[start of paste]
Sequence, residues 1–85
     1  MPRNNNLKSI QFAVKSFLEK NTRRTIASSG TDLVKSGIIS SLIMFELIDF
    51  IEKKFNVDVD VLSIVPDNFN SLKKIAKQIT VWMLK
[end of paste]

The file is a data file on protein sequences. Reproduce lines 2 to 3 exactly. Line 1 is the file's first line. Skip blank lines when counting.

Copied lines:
     1  MPRNNNLKSI QFAVKSFLEK NTRRTIASSG TDLVKSGIIS SLIMFELIDF
    51  IEKKFNVDVD VLSIVPDNFN SLKKIAKQIT VWMLK